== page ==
The conditions used in any of the above embodiments of the process of the invention should be such as to effect significant transalkylation of the dialkylbenzene(s) in the feed while minimizing the production of undesired by-products, such as trialkylbenzenes and other heavy materials. Suitable conditions include a WHSV in terms of total throughput in the transalkylation reactor in the range of 0.1 to 100 hr−1, more preferably between about 1 and about 10 hr−1. Preferably the temperature of the transalkylation reaction is between about 200 and about 600° F. (about 95 to about 315° C.), more preferably between about 300 and about 500° F. (about 150 to about 260° C.). The pressure is preferably in the range of about 300 to about 15000 kPa, more preferably about 1000 to about 4000 kPa and is sufficient to maintain the reactants in the liquid phase.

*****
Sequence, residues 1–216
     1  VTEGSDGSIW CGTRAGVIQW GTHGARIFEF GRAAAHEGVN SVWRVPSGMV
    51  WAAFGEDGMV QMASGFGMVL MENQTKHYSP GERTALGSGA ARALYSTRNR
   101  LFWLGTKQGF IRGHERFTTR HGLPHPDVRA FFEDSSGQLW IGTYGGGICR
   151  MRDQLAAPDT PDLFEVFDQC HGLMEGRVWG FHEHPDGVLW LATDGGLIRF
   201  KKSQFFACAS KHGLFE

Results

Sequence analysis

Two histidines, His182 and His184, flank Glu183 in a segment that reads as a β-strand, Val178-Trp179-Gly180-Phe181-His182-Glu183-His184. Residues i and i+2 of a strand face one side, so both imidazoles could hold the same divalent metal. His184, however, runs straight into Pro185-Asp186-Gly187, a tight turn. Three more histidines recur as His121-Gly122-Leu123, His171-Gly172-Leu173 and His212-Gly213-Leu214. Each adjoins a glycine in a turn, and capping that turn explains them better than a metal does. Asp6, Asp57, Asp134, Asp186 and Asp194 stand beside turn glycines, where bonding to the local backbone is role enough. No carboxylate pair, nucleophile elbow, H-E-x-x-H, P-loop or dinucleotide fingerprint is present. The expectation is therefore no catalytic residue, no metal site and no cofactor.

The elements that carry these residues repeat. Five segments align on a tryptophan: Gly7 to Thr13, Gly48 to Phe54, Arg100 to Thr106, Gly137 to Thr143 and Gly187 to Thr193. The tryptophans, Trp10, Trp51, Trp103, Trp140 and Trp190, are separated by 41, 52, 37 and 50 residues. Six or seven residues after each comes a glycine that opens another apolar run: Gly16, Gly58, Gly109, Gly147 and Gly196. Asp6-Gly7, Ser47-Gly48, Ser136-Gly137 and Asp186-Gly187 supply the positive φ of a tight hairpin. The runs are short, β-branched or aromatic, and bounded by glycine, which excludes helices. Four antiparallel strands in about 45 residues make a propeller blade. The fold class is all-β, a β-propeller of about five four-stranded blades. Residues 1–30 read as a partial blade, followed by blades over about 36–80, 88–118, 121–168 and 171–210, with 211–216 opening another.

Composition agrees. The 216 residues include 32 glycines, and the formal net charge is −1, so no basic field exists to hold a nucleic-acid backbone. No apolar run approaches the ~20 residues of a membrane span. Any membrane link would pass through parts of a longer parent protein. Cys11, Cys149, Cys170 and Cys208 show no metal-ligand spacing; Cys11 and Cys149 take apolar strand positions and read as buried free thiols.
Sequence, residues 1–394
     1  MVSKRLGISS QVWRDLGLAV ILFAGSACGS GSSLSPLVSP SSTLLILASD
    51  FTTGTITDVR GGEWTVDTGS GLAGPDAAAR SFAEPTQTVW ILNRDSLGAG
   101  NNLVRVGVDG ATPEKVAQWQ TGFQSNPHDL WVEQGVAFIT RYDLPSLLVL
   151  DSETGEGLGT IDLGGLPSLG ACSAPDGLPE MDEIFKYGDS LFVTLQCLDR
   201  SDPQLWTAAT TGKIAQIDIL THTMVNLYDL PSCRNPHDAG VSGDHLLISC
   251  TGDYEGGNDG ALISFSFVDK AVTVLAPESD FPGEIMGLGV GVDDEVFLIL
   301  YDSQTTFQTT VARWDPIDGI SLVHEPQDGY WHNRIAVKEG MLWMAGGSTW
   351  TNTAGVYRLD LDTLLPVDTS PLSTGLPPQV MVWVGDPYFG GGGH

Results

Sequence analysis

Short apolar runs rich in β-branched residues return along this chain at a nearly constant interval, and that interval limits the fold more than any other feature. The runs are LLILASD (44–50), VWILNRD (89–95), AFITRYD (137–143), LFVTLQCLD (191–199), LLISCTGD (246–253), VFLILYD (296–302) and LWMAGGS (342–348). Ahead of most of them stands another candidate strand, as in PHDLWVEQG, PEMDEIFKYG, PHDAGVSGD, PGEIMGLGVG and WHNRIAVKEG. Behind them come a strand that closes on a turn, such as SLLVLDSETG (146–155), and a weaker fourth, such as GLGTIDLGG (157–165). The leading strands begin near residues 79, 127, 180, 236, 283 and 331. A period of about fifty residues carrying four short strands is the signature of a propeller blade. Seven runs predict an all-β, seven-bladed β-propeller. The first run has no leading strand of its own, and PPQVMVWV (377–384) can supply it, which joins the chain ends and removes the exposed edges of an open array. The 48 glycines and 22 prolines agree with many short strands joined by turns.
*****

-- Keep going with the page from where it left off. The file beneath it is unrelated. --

In one embodiment in which the desired dialkylbenzene isomer is para-DIPB, the feed to the transalkylation process is substantially comprised of cumene, meta-DIPB, and ortho-DIPB. Optionally, TIPB and higher poly-isopropylbenzenes may be included in the feed. Benzene produced in the alkylation (or disproportionation) and transalkylation reactions may be left in the feed to the transalkylation process. Preferably, TIPBs, and optionally higher poly-isopropylbenzenes, will be included in the feed to the transalkylation process if benzene comprises greater than about 2 wt. % of the feed to the transalkylation reaction, even more preferably if the benzene is greater than about 5 wt. %.

In another embodiment in which the desired dialkylbenzene isomer is meta-DIPB, the feed to the transalkylation process is substantially comprised of cumene and para-DIPB. Although para-DIPB can be separated from a mixture of DIPB isomers by super fractionation, the boiling points of ortho- and meta-DIPB are too close to allow effective separation of meta-DIPB by fractionation. Therefore, a desirable process for producing meta-DIPB would minimize the production of the ortho-isomer, preferably in both an initial DIPB production step and in a transalkylation step.